Manual Photography

Discussion in 'Photography Beginners' Forum' started by Rockafeller, Jan 12, 2010.

  1. Rockafeller

    Rockafeller TPF Noob!

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    Do you any of you fully understand the concept of f/stop and shutter speed and the effect they have on picture quality? More specifically, I cannot understand how f/stop decides the depth of field in a photo.
     
  2. Darkhunter139

    Darkhunter139 TPF Noob!

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    Get Understanding exposure by bryan peterson :) you will understand after reading that its a great book
     
  3. JSD

    JSD TPF Noob!

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    Basically shutter speed and aperture work together to create a given exposeure. Think of it like filling up a glass with water. You can open the faucet all the way (large aperture) for a brief period of time (fast shutter speed), or you can open the faucet to get a drip drip drip (small aperture) and a longer period of time (slow shutter speed). Either way you will end up with a full glass of water, or a given exposure. This flexability is what allows you to control depth of field and motion, (either yours or the subjects), with a variety of combinations in x amount of light. If you change one setting you can change the other by an equal and opposite amount (half one and double the other for example) and have the exact same exposure, only depth of field and motion control will change. The reading the meter gives you is a starting point from which you can deviate with many combinations of aperture and shutter speed to reach the desired affect. Helpful?...JSD
     
  4. SushiWarrior

    SushiWarrior TPF Noob!

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    Small F-stop number eg. F/1.8 = very shallow depth of field, but lots of light. The lens leaves a large opening which lets lots of light through and only gets a small portion in focus.

    Large F-stop number eg. F/22 = super big depth of field, but very little light. The opening is very tiny and therefore little light gets in and almost everything will be in focus. It's similar to your eye, squint and stuff will be more in focus but darker. Also note that for sharp images this f-stop is bad because of diffraction.... basically the picture gets soft due to the tiny opening, just like when you squint.
     
  5. Natalie

    Natalie No longer a newbie, moving up!

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    I understand it pretty well, but I still don't use the manual mode on my camera, simply because my photo subjects usually don't hold still so I can't sit there and fiddle with the settings for too long.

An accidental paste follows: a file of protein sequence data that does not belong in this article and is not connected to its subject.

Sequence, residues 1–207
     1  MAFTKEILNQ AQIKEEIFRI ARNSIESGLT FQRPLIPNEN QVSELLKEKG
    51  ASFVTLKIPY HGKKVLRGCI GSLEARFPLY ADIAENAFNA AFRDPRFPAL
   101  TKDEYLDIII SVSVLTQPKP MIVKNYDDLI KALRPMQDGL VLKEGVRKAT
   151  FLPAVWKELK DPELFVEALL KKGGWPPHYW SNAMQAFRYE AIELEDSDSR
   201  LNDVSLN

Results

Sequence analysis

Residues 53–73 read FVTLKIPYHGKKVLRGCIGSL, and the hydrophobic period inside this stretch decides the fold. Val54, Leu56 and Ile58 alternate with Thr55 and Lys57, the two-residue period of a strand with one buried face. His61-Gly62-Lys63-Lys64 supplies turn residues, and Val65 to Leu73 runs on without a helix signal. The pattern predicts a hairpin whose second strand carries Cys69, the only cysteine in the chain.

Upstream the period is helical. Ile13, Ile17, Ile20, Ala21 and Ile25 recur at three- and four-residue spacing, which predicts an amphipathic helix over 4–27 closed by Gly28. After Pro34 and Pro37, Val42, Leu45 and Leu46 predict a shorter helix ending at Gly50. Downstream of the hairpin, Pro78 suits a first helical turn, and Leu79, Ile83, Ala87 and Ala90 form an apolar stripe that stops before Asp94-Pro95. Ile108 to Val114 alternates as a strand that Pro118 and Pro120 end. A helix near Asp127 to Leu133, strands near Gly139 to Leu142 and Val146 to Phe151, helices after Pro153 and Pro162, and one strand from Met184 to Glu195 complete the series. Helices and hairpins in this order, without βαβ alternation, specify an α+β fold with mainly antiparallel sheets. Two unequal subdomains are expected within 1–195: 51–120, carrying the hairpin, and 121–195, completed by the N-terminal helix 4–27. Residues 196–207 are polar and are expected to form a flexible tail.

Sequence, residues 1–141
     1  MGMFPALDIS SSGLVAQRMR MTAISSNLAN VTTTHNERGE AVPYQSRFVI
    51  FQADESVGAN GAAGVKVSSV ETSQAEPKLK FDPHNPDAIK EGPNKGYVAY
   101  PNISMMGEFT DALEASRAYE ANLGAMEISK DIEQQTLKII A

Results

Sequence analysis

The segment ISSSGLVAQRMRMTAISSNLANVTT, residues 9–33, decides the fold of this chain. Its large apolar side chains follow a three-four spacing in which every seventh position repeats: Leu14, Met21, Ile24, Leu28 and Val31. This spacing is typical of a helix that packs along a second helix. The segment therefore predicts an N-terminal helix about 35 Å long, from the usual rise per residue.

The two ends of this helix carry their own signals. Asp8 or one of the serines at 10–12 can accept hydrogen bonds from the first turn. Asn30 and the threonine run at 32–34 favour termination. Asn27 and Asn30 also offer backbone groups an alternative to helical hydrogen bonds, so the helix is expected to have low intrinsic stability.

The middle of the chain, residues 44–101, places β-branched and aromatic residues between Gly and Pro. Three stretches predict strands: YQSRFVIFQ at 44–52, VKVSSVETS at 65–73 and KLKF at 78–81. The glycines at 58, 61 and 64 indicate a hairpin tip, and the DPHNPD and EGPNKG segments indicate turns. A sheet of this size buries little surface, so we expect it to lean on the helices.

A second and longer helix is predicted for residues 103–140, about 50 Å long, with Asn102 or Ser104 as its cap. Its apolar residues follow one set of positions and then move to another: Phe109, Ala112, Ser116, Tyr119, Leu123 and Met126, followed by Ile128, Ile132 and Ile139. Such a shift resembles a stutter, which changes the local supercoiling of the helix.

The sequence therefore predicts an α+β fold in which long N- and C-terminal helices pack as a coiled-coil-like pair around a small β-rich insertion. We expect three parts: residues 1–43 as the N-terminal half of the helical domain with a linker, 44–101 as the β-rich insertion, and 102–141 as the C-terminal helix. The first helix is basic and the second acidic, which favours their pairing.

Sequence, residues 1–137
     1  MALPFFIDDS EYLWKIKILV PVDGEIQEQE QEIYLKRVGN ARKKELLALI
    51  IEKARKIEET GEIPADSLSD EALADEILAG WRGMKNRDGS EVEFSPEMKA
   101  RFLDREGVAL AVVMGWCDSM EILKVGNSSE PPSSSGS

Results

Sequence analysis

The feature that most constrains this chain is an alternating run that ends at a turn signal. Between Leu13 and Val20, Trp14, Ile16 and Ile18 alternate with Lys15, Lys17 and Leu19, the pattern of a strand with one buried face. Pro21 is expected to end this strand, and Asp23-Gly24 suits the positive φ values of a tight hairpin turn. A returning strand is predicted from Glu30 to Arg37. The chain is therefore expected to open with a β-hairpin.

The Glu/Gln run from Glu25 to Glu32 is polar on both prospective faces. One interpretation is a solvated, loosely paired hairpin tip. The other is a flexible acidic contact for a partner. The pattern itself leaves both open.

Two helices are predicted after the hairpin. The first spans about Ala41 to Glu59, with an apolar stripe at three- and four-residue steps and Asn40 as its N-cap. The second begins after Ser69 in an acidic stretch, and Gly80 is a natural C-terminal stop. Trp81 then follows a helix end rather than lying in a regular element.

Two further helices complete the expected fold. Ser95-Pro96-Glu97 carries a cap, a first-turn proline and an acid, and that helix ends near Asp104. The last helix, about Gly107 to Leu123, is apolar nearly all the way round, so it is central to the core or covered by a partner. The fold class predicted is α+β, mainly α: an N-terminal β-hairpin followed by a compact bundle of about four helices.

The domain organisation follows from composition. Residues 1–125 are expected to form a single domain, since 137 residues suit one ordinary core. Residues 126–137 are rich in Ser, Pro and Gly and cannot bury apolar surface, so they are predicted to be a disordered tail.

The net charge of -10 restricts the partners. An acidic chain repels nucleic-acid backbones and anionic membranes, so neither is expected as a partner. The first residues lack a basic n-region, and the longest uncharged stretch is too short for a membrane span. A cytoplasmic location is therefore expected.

F-numbers are how wide the aperture is - how large the hole is that lets in light. An extremely wide aperture (f/2.8 for example) lets in a lot of light so you can use a faster shutter speed and lower ISO, but it also tends to cause a shallow depth of field (which can be good or bad, depending on what effect you're after). A small aperture (like f/8) creates a deeper depth of field, meaning the background will be less blurry, but also by definition lets in less light. This means you will have to use a slower shutter speed and/or higher ISO.

    Here are some example photos... These were taken within seconds of each other, and are of the same animal with the same lens at the same distance. Here you can clearly see the difference a large or small aperture can make:

    [​IMG]
    Aperture: f/2.8 (large)
    Shutter speed: 1/250 second
    ISO: 800

    [​IMG]
    Aperture: f/8 (small)
    Shutter speed: 1/30 second
    ISO: 800

    As you can see, the second photo has a much larger depth of field because of the smaller aperture. This has drawbacks, though... Just look how much I had to slow down the shutter speed! A larger aperture meant I could use a faster shutter speed, but the DOF was so shallow the photo didn't have much substance (IMO).

    For things like landscape photography where you want the entire scene in focus, you often have to use a very small aperture, which in turn requires a slow shutter speed... This is where tripods will come in handy. For photographing mobile subjects, though, a tripod often isn't practical, so that generally means learning to hold your camera steadier, dealing with a shallow DOF, or getting a "faster" lens.

    Hope this helps a bit and didn't make it even more confusing, hahaha...
     
  6. KmH

    KmH Helping photographers learn to fish Supporting Member

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aperture photography f/8

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i cannot understand manuel photography
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pictures taken with large aperture

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pictures taken with small aperture
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shutter speed 1/250 photography
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was the lens opening large or small